3 risks associated with making an offer to buy a home

On Behalf of | Apr 14, 2024 | Real Estate Law

People often become so focused on the outcome of the home-buying process that they rush through it and put themselves at unnecessary risk as a result. It is beneficial to act with certainty when people find a property that fully meets their needs. However, buyers who acquire real estate or simply make an offer on a property are very vulnerable throughout the process.

Things can go wrong that might endanger their financial resources. They could find themselves locked into an unfavorable homeownership scenario. Although people may try to represent themselves or work solely with a real estate agent during a transaction that could define the rest of their lives, the risks involved might make it worthwhile to partner with a lawyer in addition to or instead of an agent. The following are generally the biggest risks that buyers have to address in a real estate transaction in this way.

The protection of earnest money

When making an offer on real property, buyers typically deposit earnest money with their agents. That money is part of their down payment and also proof that they intend to follow through with their offer. Unfortunately, if people don’t go through with the closing, then their earnest money is potentially at risk. Adding appropriate contingencies to an offer can help people protect against the scenario in which they cannot afford to make another offer after one transaction falls apart.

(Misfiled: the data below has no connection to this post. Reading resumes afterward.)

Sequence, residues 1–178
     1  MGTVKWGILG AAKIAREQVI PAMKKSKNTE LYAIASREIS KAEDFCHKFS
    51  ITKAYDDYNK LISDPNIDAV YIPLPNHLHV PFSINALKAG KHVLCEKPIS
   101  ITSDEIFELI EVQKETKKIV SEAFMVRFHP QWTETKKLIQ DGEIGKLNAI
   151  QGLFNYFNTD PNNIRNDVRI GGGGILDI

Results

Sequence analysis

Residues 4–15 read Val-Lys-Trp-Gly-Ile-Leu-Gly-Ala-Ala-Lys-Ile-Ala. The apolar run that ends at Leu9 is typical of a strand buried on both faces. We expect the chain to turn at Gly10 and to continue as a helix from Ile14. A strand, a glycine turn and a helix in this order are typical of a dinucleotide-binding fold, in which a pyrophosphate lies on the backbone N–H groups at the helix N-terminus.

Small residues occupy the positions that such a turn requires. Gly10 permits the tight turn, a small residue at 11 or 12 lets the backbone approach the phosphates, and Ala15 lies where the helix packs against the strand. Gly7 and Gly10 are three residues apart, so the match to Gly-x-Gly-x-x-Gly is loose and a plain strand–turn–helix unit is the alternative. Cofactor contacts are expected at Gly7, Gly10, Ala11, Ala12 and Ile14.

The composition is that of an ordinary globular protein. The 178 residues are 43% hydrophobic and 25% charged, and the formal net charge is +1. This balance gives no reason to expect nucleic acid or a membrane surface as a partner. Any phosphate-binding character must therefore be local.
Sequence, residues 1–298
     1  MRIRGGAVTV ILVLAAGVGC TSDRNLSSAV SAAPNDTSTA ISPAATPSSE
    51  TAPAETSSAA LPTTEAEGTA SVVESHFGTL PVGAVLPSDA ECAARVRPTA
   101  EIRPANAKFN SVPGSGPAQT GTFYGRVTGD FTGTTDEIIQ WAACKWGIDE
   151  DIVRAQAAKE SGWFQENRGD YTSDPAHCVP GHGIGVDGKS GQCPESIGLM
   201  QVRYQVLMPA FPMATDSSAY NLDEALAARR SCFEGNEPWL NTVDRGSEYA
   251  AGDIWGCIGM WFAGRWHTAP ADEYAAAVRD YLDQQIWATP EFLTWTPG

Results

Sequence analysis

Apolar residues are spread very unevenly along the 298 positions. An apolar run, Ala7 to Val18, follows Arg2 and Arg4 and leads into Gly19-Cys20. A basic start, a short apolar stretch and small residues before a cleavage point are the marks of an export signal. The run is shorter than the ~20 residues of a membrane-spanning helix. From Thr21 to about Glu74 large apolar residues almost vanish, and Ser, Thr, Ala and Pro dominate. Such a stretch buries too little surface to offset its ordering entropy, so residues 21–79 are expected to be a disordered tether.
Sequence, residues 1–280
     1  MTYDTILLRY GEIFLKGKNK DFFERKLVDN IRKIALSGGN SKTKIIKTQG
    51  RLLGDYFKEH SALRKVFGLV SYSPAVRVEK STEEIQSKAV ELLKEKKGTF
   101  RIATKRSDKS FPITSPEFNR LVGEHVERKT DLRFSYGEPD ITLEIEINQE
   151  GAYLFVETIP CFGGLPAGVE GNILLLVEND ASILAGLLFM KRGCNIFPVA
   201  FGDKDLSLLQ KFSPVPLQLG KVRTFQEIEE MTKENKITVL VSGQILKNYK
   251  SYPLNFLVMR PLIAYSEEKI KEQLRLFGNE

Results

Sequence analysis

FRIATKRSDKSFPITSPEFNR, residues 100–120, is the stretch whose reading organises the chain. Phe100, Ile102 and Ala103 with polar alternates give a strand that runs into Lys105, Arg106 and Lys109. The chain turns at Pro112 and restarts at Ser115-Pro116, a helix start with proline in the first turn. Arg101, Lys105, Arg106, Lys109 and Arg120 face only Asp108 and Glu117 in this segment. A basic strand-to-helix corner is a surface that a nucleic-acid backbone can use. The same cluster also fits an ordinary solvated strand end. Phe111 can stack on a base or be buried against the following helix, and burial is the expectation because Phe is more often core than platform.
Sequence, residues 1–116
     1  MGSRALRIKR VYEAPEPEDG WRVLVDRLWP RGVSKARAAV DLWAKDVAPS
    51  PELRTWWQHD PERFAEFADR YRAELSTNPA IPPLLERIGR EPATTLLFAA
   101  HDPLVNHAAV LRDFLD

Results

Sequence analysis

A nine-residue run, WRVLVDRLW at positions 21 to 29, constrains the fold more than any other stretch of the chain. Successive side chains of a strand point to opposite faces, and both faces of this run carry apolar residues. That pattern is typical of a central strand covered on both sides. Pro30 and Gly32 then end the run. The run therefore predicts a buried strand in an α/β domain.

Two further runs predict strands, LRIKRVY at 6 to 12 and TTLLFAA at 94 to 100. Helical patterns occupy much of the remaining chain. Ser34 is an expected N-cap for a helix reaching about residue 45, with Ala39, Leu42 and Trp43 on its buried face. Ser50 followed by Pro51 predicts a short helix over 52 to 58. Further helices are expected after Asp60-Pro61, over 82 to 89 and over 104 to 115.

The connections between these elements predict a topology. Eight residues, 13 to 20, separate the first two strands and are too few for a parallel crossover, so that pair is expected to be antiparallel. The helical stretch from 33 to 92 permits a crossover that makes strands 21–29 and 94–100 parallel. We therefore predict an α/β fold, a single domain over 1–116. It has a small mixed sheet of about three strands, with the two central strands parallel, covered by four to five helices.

The risk of financial over-extension

Buyers who find a property that seems perfect are often eager to make a competitive offer on the property. Unfortunately, their enthusiasm may lead to them offering more than the property is actually worth. An appraisal gap scenario could leave someone unable to acquire financing and might lead to the cancellation of a closing. If buyers come to the table with a cash offer, they could lose their capital and end up responsible for a property in mediocre condition that may not warrant the price they paid for the home.

Challenges assuming possession

People frequently assume that once they close on a home, the risk involved in the process is over. However, the seller may not leave by the possession date. Buyers often need to protect themselves by including post-occupancy possession terms in the offer that they negotiate with the seller. This can provide them with financial compensation for any delays in assuming possession and can potentially motivate a seller to vacate the premises in a timely manner. Buyers are also at risk if there turn out to be issues with the title for the property. Outside parties could eventually take legal action seeking to gain access to or control over the property.

Those preparing to buy real estate may need help researching individual properties, negotiating favorable contract terms and including the right provisions in their offers for optimal protection. Understanding the challenges involved in acquiring real property may help people obtain the protection they require.